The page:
Crafting your email

  • Keep emails short and to the point yet provide enough information so the staffer knows your reason for contacting him/her. A single staff processes 100’s of emails a day, so those that are longer than a few sentences are less likely to receive a response.

  • The purpose of the meeting is to connect with your representative, so you can offer yourself as a resource to him/her. Remember that policy staff are used to interactions that involve responding to asks from advocates (e.g., “Expand Medicaid”); seldomly are individuals offering themselves as resources to share nonpartisan, credible information to help inform decisions. Researchers are particularly well-equipped to do this kind of work.

  • Keep in mind that you are NOT setting up a lobbying* meeting. The purpose is NOT to influence your representative on a particular issue, but rather to understand their general needs and offer your support.

  • Provide specific times you are available to meet in the body the email. Make sure you’ve accounted for driving time when scheduling your availability.

Dear Marcia Fudge,


My name is Liz Baker and I am constituent living in Cleveland Heights, Ohio.


I am a researcher at Kent State University and I’m interested in how I might be able to volunteer my research skills to support you and your staff in your efforts related to women’s issues+.


Do you have any availability the week of May 1st? I am free after 2 PM every day that week.


I look forward to connecting with you!



+ It’s a good idea to make the topic area of interest broad, as you may not have interests that align perfectly. For example, if you study domestic violence you may choose to broadly discuss “women’s issues”. That way, you open up the conversation to a wide range of topics to discuss.


Making a phone call​

  • You may prefer making a phone call (telephone provided at the bottom of most websites). You can call the office and ask to schedule a meeting with as a constituent.

  • As always, make sure to express gratitude throughout your interaction! Being kind to all staffers along the way will help in forming a relationship with your representative.

  • See the example below:

Good morning! My name is Liz and I’m live in Cleveland Heights (indicating constituency). I would like to meet with someone in the local office about how research can support your policy efforts. Could you please tell me which staff is the best person to talk to about this? What is the best way to schedule a meeting with them? Thank you!!


No response? How to follow up!​

Even the best crafted email can be ignored, so persistence is critical!


Don't expect an immediate response; sometimes it takes a few attempts before hearing back. You can try sending another email through the website or calling the office.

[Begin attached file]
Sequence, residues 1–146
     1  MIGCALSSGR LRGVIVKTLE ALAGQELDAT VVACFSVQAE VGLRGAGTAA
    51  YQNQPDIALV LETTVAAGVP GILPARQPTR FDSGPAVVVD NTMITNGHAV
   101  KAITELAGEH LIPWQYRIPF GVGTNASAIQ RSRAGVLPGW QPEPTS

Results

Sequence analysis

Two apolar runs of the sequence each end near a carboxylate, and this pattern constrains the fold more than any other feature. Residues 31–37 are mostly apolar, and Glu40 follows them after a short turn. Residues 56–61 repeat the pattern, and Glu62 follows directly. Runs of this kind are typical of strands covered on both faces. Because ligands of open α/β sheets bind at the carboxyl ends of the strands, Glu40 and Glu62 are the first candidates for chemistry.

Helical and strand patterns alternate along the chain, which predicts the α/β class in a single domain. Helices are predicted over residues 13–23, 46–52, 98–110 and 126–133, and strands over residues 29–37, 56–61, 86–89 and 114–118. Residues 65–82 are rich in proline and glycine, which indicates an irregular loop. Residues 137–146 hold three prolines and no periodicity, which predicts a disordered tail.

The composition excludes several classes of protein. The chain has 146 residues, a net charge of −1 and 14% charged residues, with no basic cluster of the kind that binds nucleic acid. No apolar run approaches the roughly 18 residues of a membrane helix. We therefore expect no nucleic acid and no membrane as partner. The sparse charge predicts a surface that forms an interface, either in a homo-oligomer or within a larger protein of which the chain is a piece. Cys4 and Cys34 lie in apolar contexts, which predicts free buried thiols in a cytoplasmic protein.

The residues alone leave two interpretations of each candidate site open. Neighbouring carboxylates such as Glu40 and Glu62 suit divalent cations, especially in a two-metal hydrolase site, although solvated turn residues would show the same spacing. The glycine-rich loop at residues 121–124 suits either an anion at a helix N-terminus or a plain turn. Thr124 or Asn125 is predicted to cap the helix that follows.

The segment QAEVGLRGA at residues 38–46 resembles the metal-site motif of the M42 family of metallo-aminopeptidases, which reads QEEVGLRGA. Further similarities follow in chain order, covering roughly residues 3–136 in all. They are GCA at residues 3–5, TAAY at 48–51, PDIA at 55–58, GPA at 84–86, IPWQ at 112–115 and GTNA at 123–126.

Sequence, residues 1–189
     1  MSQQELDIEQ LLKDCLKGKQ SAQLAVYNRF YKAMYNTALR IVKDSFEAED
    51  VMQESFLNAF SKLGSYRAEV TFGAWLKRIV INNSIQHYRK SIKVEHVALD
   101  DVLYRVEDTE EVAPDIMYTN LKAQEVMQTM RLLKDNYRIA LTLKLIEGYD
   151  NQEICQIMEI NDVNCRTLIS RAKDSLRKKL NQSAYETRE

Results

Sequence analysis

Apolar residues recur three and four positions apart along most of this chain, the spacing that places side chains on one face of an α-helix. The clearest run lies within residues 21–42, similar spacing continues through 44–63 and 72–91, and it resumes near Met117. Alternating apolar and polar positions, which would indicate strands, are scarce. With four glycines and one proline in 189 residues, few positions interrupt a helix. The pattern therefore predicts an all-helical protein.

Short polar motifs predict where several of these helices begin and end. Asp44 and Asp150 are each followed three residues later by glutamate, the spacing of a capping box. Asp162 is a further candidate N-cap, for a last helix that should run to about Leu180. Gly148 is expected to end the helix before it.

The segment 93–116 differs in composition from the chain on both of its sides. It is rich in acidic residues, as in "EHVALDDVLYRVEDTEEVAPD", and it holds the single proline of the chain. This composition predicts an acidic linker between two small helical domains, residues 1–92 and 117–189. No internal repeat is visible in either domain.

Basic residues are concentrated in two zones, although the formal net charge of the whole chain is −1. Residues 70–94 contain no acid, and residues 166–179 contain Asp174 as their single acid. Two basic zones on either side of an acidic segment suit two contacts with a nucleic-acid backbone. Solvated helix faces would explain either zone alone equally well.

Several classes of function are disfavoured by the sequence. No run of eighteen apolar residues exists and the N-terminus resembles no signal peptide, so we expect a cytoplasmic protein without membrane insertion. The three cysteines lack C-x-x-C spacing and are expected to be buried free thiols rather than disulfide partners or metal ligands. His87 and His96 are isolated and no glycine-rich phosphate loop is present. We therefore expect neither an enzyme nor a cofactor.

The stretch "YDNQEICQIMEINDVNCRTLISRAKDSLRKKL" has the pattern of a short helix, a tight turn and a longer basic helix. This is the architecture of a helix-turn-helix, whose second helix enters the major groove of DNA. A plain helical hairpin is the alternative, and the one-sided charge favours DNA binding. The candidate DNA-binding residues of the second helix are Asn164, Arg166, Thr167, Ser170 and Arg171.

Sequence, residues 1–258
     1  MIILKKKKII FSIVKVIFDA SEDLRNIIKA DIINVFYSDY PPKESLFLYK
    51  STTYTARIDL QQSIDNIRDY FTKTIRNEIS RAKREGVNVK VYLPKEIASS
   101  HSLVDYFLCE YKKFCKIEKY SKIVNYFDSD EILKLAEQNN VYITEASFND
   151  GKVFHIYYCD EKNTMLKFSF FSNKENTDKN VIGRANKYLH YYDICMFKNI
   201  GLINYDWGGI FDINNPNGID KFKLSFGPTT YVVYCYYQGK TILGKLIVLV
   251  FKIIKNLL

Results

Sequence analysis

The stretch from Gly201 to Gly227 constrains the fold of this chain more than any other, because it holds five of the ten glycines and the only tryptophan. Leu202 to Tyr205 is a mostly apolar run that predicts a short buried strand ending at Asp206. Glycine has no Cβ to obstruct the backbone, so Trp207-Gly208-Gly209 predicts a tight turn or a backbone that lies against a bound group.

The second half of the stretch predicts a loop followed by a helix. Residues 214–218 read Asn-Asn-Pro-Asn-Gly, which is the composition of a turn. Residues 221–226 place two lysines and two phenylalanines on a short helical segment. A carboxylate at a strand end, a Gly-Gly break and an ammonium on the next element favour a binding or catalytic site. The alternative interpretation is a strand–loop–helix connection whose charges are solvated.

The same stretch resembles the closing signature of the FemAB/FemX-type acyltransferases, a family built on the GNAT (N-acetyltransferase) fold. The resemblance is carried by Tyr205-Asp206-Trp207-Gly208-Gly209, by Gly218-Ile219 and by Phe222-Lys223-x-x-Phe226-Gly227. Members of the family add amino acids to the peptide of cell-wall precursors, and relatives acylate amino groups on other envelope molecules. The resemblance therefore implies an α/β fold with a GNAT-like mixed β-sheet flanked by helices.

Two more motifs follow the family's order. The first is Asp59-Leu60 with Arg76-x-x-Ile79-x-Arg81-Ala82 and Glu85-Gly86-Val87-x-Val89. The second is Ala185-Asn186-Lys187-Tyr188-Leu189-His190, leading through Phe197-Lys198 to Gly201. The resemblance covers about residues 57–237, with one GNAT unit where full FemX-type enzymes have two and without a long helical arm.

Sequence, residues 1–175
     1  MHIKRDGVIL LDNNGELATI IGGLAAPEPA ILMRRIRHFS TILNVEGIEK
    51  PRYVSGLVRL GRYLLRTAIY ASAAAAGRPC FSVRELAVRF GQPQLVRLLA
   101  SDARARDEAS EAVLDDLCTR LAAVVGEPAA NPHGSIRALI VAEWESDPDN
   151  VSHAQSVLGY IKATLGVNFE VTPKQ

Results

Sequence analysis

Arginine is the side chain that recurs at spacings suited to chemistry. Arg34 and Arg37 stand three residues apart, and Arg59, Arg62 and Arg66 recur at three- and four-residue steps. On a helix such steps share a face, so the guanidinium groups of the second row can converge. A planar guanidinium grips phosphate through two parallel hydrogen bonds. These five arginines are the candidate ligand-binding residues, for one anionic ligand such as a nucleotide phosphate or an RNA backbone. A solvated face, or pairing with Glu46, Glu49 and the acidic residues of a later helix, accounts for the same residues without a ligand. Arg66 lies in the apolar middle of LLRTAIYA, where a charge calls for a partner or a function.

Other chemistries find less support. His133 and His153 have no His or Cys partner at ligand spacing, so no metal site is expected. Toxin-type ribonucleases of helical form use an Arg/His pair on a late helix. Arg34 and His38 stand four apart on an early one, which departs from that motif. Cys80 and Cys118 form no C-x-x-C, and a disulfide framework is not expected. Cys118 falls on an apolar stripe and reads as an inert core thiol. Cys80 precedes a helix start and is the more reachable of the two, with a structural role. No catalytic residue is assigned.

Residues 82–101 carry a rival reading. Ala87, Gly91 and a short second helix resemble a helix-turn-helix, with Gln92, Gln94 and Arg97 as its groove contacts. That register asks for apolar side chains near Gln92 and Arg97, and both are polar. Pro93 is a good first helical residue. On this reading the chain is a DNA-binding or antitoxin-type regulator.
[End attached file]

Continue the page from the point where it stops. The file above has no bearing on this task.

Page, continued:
The decision about how often or soon to follow up is a balancing act. One or two follow-up email/phone call/visit per week is recommended when you are scheduling weeks out in advance.


You may contact the office multiple times in a week if you need to schedule quickly and have not received a response.



Before the meeting

  • Pack a notepad and your business card (also expect a business card in return). Congress is very old school and paper-based. If you bring any handouts, make sure it is no more than two pages.

  • Prepare for a meeting that will last 15 – 30 minutes long. Meetings are short, so make the most efficient use of your time by preparing in advance. You need time to tell them who you are, but also to listen to them.

  • Consider your talking points and how you will use a brief amount of time to convey the most important point about your role, then also gaining information about how you might be able to offer yourself as a resource. You might think of this like a simple meeting agenda including the points below:


Introductions/your purpose for being there

  • Who you are/what your background is.

  • State why you want to help:

    • You could explain that you are “flipping the norm”, such that you are not coming to him/her with a specific agenda or ask, but rather that you are understanding his/her agenda to better serve his/her needs.

  • Make it clear that you are an independent researcher who is offering time voluntarily.

About their policy issues

  • "What issues do you typically work on?"

  • "What policy issues is the Congress(wo)man interested in related to [your area of research; e.g., families]?"

  • "What legislative efforts do you anticipate in this area later this session?"

identify ways to get involved